LOS ANGELES – You’d think that the six-month review process that led to the appointment of Saatchi & Saatchi/Pacific to handle the $15-20-million Savoy Picture" data-categories = "" data-popup = "" data-ads = "Yes" data-company = "[]" data-outstream = "yes" >

Behind the Breakup Of Saatchi and Savoy By Kathy Tyre

LOS ANGELES – You’d think that the six-month review process that led to the appointment of Saatchi & Saatchi/Pacific to handle the $15-20-million Savoy Picture

The companies would only say the split was caused by a difference in objectives and operating styles.
But sources close to the relationship said Saatchi, who wowed the client in its pitch, and Savoy, launched by the founders of TriStar Pictures, could not agree on details of a payment schedule for the media the agency would buy on Savoy’s behalf. Saatchi wanted to be paid for its upfront buys – anywhere from $5 million to $10 million – soon after it made them; Savoy wanted to pay when network bills arrived.
Though sources expressed surprise that such a detail could destroy the relationship, some closest to the situation said it was a major factor. It may be, they speculated, that Saatchi’s demands were framed by the shop’s lack of familiarity with the ways studios and agencies structure media-buying arrangements. Perhaps, these sources said, Saatchi saw only that Savoy, as a start-up movie distributor, doesn’t have a proven track record. That, coupled with the knowledge that some studio accounts have been perilous in the past – Orion at Foote, Cone & Belding (left holding the bag for a reported $14 million when Orion filed Chapter 11 from which it has since emerged), for example – drove Saatchi’s decisions, sources said. Saatchi executives would only say that finances weren’t an issue.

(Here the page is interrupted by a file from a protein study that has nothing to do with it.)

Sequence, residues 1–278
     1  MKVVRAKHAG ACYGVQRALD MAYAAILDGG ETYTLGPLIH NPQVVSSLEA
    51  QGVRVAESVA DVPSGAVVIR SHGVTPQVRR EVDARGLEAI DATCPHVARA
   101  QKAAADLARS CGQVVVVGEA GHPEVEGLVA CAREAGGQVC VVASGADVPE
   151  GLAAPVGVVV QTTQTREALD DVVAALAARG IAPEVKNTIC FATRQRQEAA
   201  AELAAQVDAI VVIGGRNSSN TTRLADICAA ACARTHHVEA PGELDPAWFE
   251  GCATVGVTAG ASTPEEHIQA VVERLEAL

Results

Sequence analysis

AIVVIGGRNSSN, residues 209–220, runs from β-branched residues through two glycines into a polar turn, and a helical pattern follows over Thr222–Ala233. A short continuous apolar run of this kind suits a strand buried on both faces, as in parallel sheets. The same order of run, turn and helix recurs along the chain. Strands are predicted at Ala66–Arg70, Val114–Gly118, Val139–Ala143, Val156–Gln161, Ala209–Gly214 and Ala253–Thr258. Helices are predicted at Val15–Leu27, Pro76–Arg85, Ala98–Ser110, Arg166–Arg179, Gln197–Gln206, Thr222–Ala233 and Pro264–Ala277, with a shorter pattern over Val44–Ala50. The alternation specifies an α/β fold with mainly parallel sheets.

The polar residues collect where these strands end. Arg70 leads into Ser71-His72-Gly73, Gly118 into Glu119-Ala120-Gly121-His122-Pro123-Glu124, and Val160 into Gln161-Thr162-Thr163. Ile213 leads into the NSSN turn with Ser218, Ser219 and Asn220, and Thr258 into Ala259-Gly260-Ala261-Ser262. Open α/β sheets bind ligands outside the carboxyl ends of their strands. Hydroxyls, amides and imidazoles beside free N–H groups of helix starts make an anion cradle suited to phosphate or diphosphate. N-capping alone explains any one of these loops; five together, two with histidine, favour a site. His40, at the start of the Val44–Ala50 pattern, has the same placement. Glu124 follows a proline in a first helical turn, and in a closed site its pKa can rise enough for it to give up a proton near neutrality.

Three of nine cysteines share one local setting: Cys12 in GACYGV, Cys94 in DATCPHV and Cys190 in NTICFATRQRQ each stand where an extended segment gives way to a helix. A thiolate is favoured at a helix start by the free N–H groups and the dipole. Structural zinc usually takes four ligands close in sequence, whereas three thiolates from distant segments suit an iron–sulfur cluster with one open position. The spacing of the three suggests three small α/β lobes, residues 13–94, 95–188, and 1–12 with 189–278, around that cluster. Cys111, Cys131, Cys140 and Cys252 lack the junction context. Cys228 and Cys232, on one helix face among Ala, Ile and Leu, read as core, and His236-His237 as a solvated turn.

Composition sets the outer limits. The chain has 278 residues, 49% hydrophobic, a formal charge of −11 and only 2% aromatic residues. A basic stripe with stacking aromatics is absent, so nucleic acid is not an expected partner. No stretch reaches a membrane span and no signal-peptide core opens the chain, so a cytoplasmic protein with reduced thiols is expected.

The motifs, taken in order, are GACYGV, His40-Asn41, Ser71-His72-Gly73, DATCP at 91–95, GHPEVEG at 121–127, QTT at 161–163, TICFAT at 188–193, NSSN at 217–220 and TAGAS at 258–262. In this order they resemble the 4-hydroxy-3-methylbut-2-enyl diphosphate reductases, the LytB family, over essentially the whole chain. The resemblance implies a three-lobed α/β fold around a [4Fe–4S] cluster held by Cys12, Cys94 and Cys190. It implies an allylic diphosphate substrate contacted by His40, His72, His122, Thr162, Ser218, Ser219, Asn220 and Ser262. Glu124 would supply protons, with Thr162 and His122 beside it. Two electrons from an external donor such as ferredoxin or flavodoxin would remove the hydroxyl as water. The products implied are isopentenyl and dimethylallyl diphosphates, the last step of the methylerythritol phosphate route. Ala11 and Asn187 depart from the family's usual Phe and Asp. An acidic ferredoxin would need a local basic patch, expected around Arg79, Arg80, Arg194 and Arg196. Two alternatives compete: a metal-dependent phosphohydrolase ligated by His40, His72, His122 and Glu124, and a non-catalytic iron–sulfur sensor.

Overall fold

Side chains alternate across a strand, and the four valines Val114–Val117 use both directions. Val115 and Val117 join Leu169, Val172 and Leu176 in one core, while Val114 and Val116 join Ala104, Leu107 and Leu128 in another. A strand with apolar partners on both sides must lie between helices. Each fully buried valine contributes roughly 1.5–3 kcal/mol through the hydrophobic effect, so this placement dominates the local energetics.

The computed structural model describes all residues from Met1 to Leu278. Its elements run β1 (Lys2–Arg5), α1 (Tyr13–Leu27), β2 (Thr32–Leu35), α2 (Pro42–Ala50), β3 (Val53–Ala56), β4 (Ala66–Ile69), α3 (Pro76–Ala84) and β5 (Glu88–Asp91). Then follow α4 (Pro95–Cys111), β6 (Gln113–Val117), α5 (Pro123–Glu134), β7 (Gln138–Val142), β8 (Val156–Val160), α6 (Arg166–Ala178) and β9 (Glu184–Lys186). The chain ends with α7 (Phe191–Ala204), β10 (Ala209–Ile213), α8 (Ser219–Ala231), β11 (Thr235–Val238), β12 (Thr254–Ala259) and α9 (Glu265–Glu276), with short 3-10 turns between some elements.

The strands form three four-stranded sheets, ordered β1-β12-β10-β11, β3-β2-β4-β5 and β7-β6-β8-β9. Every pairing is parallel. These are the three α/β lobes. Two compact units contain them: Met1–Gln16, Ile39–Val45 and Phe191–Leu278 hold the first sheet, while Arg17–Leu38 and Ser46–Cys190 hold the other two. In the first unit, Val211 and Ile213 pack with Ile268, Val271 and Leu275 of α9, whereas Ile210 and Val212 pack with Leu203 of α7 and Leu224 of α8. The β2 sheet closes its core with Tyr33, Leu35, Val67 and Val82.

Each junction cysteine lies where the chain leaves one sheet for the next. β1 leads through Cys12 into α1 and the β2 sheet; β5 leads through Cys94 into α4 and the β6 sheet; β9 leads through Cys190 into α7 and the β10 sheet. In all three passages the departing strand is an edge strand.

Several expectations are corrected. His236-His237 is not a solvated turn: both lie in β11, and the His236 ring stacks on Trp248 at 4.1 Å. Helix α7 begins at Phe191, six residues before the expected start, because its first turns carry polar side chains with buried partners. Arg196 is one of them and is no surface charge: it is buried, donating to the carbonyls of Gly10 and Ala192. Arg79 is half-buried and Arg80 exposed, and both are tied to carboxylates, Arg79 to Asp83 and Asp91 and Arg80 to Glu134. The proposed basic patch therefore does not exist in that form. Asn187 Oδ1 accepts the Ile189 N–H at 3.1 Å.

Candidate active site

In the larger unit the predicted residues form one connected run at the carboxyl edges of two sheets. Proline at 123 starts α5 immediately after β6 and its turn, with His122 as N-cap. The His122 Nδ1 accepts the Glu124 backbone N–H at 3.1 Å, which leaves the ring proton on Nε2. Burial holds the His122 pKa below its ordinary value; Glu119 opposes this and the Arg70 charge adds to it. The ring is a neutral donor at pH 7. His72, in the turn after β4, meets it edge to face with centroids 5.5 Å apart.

Some sources also wondered if Savoy had become concerned that Saatchi was accustomed to a different pace with its dominant client, Toyota. Typically, an account such as Toyota allows for a far longer lead time to react than does a movie studio account, though Saatchi executives maintain that they were up to speed on Savoy.
‘We’re not shaken about the movie business,’ said Saatchi president and ceo Joe Cronin. ‘Our team is intact and we’ll define what might be good opportunities.’
‘Although we have a high regard for the fine team they assembled, there were differences in objectives and operations that couldn’t be overcome despite everyone’s efforts,’ said Steve Hayman, Savoy president of marketing. Savoy has moved the account to DMB&B/L.A., the runner-up in its last review.
Copyright Adweek L.P. (1993)